Core Merino Field Tester Kim van Kets

Trail Runner Kim van Kets about being a mom and a hero

Kim van Kets is a trail runner when she isn’t busy with all her other work as a speaker, writer, trainer, and mom. Kim is one of the Core Merino field testers, putting Core Merino wool garments to the test on her outdoor adventures. We had the chance of asking her about her adventures and share them with you here.

Tell us a little bit about yourself

I grew up in the rural areas of the Eastern Cape, studied law at Stellenbosch University, was admitted as an attorney of the High Court of RSA, and spent many years in legal practice and the corporate world. I am currently self-employed as a legal consultant/ corporate trainer, freelance writer, published author, and inspirational business speaker (well before Covid-19, anyway. Now? Who knows?).

After doing all the usual ultras like Comrades and 2 Oceans 20 years ago, I discovered trail running and became addicted to the solitude and beauty of the sport.  Since then I have taken part in numerous multi-day ultra-distance trail and adventure races all over the world and won some of them. My best-known expedition has been “Tri the Beloved Country” which involved a self-powered 6772 km circumnavigation of South Africa on foot, bike, and kayak in 148 days.

Despite opportunities to have married a sensible person I am (usually) happily married to Adventurer, Peter van Kets (2x Atlantic Rower and one of the few South Africans to have trekked to the South Pole).  I am also mother to Hannah and a Staffy dog-child, Basil.

So far, what have been your most memorable moments as an adventurer?

Jeepers!  That’s hard!  Racing Expedition Africa together with Peter in Namaqualand and Rodrigues, running the Munga, running 600 km between Grahamstown and Knysna with mates on the Pilgrimage Run, being together with Pete and Hannah the whole way round RSA on Tri the Beloved Country, meeting Pete in Antigua at the end of his ocean crossings…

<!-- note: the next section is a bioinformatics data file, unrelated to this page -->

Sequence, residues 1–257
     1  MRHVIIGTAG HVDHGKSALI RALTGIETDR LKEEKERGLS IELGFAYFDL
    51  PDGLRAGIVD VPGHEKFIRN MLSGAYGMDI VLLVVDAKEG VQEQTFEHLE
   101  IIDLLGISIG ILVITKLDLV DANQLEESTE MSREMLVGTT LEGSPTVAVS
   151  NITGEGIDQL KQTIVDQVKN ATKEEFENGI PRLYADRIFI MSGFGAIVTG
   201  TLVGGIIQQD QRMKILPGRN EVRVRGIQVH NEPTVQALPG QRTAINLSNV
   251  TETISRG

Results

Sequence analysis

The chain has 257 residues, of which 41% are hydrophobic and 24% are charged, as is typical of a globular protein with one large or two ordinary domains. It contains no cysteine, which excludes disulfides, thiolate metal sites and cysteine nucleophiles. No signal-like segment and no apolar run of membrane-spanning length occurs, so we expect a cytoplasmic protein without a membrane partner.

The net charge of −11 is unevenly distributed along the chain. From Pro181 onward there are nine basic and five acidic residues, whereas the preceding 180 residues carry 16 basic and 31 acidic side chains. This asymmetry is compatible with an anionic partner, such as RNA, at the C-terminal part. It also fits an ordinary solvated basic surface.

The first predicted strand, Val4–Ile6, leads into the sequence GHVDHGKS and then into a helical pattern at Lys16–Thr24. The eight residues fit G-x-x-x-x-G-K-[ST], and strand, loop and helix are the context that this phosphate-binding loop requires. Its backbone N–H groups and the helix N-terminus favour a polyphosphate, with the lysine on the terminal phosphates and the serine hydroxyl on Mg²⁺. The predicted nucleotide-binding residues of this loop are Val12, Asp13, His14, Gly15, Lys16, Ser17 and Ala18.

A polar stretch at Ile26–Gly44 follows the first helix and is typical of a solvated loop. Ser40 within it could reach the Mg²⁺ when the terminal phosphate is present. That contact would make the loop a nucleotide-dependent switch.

What keeps your soul refreshed? Do you have any hobbies outside of sport that you latch onto when you have downtime?

I love words and I love to write, running and writing are equally important to me. You can read some of my writing here: Increasingly sport has become a vehicle for accessing wild and remote places – its more about where you end up than about the sport.

What’s ahead for you? Do you have any exciting projects or events on the horizon?

We have loads of short term adventures planned and many big ones dreamed about…. Pete should have been doing Expedition Africa in Lesotho now, I was hoping to do the 2nd half of the Pilgrimage Run from Knysna to Cape Town in August.

Kim, as you mention in your book, Tri the Beloved Country, as the wife of an adventurer and a mother you are very good with sacrifice and have even had your own doubts about realising your own aspirations because of this, what advice do you have in overcoming this struggle to still carry on and achieve your dreams?

I think I realised that I simply had to demonstrate to my daughter (I mean show her, not just tell her) at a time when she was at her most impressionable, that setting big goals and achieving them is not the exclusive domain of men and fathers. I needed her to grasp at the deepest level that moms can be heroes, too. And that nothing should stop her from doing what she feels compelled to do. Not even motherhood (although it may require putting them on hold for a while).

What’s the most challenging part of preparing for each adventure?

Juggling. Work, home, family responsibility, traveling, and training.  And getting the best house/dog sitter in the world to be available to look after Basil!

You have been on incredible adventures which involved a lot of uncomfortable parts, how have you learned to cope with being uncomfortable while still triumphing to reach your goals?

I think I have a natural ability to endure monotony and discomfort and manage my expectations, maybe it comes from my German peasant ancestors who worked 18 hour days in the fields? I think practice really helps, too.  But ultimately I think it comes down to managing expectations, expecting things to be incredibly hard, and being pleasantly surprised if they are slightly less so. And having a sense of humour. Being able to laugh when everything totally sucks.

Give us a peek into your bucket list – what are a few places you want to visit or personal goals you’re striving for?

My big dream is to run the length of Africa – from Egypt to East London. It would take a year so maybe when Hannah has finished school.

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